Sea turtle plays star role in lost-camera saga
Turtle gets hold of digital camera lost in Aruba and films telling footage before the cam washes up on a Key West, Fla., shore six months later.
A videographer who also happens to be a sea turtle has become a media star for filming the journey of a lost digicam that traveled 1,100 miles by sea and is now on the way back to its owner.
The seafaring saga started last November, when Royal Dutch Navy sergeant Dick de Bruin apparently lost his red Nikon Coolpix L18 while exploring an underwater shipwreck off the coast of Aruba. Six months later, Coast Guard investigator Paul Shultz spotted the cam--encased in sea-debris-encrusted Ikelite waterproof housing but intact--when it washed ashore in Key West, Fla.
Shultz said his investigative instincts were piqued by the orphaned camera, which didn't contain shots offering any definitive clues about its owner. He started sleuthing by posting a message on the online forum ScubaBoard.
"This is a total shot in the dark," he wrote. "I found a digital camera and waterproof case washed up here in Key West. I am trying to identify an owner so I can return it." He uploaded images from the cam, hoping other divers could help identify the location, which they pinned as Aruba, an island in the southern Caribbean Sea.
One photo showed the side of an aircraft, which helped Schultz trace the flight history to confirm that the camera had, in fact, been in Aruba. He posted additional photos from the camera to travel Web sites Cruise Critic and Aruba.com. Within days, an Aruban woman contacted Shultz saying she recognized the children in the photos as classmates of her son (de Bruin is stationed in Aruba with his family for several years).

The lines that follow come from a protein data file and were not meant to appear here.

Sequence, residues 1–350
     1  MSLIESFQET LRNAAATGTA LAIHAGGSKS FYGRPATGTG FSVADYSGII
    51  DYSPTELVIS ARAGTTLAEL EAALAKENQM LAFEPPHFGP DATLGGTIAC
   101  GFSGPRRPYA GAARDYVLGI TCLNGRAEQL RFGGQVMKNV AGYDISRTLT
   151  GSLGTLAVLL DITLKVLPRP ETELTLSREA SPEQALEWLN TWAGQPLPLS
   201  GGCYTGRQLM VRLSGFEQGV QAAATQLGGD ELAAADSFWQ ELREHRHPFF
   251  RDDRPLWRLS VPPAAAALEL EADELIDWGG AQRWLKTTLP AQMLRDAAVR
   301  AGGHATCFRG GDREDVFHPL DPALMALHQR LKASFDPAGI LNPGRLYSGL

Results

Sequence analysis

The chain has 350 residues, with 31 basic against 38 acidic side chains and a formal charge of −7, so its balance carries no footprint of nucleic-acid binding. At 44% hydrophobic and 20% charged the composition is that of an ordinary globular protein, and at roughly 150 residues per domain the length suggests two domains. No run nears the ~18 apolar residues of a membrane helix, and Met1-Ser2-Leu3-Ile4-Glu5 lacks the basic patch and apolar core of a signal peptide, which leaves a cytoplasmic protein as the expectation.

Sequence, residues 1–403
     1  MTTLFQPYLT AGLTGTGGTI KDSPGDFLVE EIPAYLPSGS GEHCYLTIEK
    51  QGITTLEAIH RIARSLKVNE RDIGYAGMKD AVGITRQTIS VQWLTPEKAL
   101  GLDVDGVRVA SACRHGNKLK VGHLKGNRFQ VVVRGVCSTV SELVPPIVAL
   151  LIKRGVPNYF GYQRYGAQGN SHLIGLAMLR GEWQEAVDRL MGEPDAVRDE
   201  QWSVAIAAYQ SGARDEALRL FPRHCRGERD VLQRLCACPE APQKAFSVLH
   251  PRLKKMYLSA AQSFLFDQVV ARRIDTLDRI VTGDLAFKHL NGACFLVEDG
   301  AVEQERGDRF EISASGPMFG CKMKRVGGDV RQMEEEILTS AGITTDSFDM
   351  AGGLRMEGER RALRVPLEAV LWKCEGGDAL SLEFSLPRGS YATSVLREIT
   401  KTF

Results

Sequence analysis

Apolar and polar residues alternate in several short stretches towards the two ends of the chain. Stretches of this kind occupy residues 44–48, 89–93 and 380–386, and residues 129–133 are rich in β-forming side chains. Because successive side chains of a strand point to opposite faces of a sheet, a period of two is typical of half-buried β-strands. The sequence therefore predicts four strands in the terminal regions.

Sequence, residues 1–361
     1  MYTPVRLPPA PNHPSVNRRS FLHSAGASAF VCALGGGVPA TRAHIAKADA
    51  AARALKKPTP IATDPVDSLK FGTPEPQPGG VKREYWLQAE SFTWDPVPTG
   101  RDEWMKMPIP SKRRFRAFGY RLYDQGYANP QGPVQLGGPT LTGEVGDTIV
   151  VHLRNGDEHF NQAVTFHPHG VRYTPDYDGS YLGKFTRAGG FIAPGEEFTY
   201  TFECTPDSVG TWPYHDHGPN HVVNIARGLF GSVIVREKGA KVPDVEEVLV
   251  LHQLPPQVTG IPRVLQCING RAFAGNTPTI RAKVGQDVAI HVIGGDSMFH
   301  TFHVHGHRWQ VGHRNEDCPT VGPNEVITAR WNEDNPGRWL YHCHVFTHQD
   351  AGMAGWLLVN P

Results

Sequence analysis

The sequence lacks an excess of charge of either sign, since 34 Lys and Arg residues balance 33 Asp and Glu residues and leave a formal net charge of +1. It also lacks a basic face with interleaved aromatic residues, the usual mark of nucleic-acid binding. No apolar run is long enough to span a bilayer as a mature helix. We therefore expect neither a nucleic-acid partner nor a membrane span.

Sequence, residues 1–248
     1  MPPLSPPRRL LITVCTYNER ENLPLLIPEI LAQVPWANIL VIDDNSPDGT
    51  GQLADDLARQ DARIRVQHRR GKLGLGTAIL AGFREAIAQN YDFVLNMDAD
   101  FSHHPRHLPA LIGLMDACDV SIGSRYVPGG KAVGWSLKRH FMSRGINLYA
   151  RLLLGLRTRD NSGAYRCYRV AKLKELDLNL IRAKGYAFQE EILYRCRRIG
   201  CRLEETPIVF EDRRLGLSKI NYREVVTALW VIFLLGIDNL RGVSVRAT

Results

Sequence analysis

The woman then contacted de Bruin to hook him up with Schultz, and the rest, as they say, is history. The camera is now on its way back to de Bruin--this time, presumably not by sea.
As for the turtle, it became entangled with the Nikon on January 15, according to camera records, turned it on, and took the above home video (which has gotten more than 545,000 views on YouTube as of Tuesday afternoon). Based on when that footage was taken, Shultz estimates that the turtle shot it in the vicinity of Honduras. The owner has confirmed that the last thing he did before losing his camera was take a video, so the device was in video mode when the turtle got ahold of it.
de Bruin said the turtle's shaky footage provided the crucial evidence that his camera made its journey by bobbing along in the ocean. "We have the sea turtle on film proving the camera floated from Aruba to the U.S.," de Bruin is being widely quoted as saying. "It's unbelievable, but it's true."
Villy Kourafalou, an associate professor of physical oceanography at the University of Miami, confirmed to the Associated Press that the buoyancy of the camera's plastic case, combined with various currents, make the camera's odyssey plausible.
Amazing, yes, but our favorite part of this whole story has to be this reader comment critiquing the turtle's photography skills. "I didn't like some of the angles chosen and probably could have made a slightly better video," wrote one Daily Mail commenter, "but I recognize I would not be as good at laying eggs on a beach."